For the past week I’ve vacillated from feeling nervous to edgy to agitated with little room for stillness and tranquility. All the ways in which I find solace have not helped relax my internal shakiness, leaving me more tentative than I’ve been in quite some time. It’s as if the rug has literally been pulled out from under me. I got the proof for my book and it looks different

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Laughter

I tend to be a serious person and forget how wonderful it is to laugh; chuckle when I make a mistake or to “lighten up and relax already” –a comment I’ve heard more than just a few times over the years. Today, the owner of the local venue for my book launch kindly offered a chance for my husband and I to taste the appetizers  they hoped to serve at

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Unplugged

Yesterday, I did not turn on my computer or my phone and left my house for the day, traveling up north about twenty-five miles or so; first on the highway, then onto a dirt forest service road for several bumpy miles until I reached the trail head –destination, a secluded high mountain lake. Before I swung on my daypack, I checked the outside temperature: 45 degrees Fahrenheit. The narrow earthen

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Book Launch

When my book consultant asked, “So, what are doing for your book launch?” I shrugged and responded, “I don’t know.” She hates those three words. “Not good enough! Think book launch party, book signing, book clubs.” Images of balloons, party favors, a cake, gifts, champagne sailed through my head. “Okay,” I replied weakly. I didn’t have a clue what she was talking about but I began to research and read

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Yoga

Yoga is part of my daily life; get up, drink something hot, do yoga. I started my yoga practice when I lived in India in the latter half of the 1970s and then continued to practice in my home when I returned to North America; discovering that I just felt better when I repeated the asanas day after day. There weren’t many yoga studios in those days ‘nor was there

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Water

The extreme heat continues to plague the Pacific Northwest causing record drought conditions. Wildfires are igniting and spreading quickly. We are in our third month of no measurable rainfall. The trees around my home look stressed and the tall grasses have already turned yellow brown. Usually, this time of year everything should be an emerald-green color. We’ve taken to turning on a sprinkler every evening to prevent the land from

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Handwritten Letters and Cards

When I went to get the mail yesterday, the bundle contained the usual junk mail, a bill, and a card addressed to me in a lovely cursive script I recognized. I thought for a moment, when was the last time I received a handwritten letter or a card or even a note? Months? Years? In our age of social media, with quick to very quick to very, very quick flashes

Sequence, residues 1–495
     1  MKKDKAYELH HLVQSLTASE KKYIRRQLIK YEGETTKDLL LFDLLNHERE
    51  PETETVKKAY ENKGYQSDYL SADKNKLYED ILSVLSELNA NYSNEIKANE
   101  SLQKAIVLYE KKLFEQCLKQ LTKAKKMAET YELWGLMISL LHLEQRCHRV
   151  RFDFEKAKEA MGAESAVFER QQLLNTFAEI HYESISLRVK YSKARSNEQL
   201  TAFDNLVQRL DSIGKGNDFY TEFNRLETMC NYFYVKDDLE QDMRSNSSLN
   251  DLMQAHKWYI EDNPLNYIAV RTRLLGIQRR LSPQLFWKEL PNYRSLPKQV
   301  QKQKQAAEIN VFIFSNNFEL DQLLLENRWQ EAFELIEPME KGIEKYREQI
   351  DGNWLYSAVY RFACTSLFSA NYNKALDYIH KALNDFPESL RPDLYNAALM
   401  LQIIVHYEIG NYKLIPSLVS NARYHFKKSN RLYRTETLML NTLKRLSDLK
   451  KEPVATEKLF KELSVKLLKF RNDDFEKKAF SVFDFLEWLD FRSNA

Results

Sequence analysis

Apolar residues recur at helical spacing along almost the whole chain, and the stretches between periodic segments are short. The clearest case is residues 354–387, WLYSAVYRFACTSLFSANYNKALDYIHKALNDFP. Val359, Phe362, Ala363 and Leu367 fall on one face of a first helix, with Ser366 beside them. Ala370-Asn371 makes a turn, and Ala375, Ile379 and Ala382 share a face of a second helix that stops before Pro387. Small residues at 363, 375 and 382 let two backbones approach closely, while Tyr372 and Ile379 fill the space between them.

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Empty Spaces

When I was younger, a common phrase could be heard with groups of friends or colleagues or to loved ones: “I need space.” Space from activities and worthy causes and interesting people and things to get done or days filled with appointments and meetings and dates. Yesterday, I used this old line when my husband asked if I wanted to get together with some of our friends. I drew in

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Moccasins and Old Friends

I’ve worn moccasins around the house for decades, preferring the ones made with soft suede leather and lined with sheepskin; wearing them until the lining has thinned to nothing, the sole has two or three holes, the stitching ruptures or the heel pad is threadbare. Then, I inevitably leave an opened catalog, at the slipper page, in an obvious place hoping or rather knowing my husband will get the hint

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The Best Horse

Many years ago, I bought a book from a small bookstore in downtown Vancouver, British Columbia. The book was called Zen Mind, Beginners Mind by Shunryi Suzuki and cost $2.50; which at the time, seemed like a lot of money for an almost out-of-my-teens young woman living on a meager income and attending a few college courses. I’d always felt a bit like a beginner in almost everything I did

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The Moon

Many of my friends have favorite moon phases –the full moon or the half-moon or a new-moon, even no moon. Some tell me their creativity flourishes under a full moon. Others say they don’t sleep well when the moon is full. And a few are convinced that the best time to begin an innovative project is on the new moon. The one thing I like about the moon is that

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Heat Wave

It’s been hotter here in the Pacific Northwest than I can ever remember. The moss in the forest is crispy brown instead of its usual emerald green and a few of the largest deciduous trees surrounding my property have even dropped a few leaves. If the trees could talk, I think they’d whine, “it’s too hot.” When I was a young woman, I had the great privilege of living in

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Grammie

My mother-in-law, Grammie, will turn 105 this year and is the beloved cornerstone of her blossoming family of three children, two sons-in-laws, one daughter-in-law, eight grandchildren –six who are married, and fifteen great grandchildren. They all consider Grammie to be the Grand in their Canyon, the Fortune in their Cookie, the High in their Noon, the matriarch who provides them with a wealth of love and generosity no money could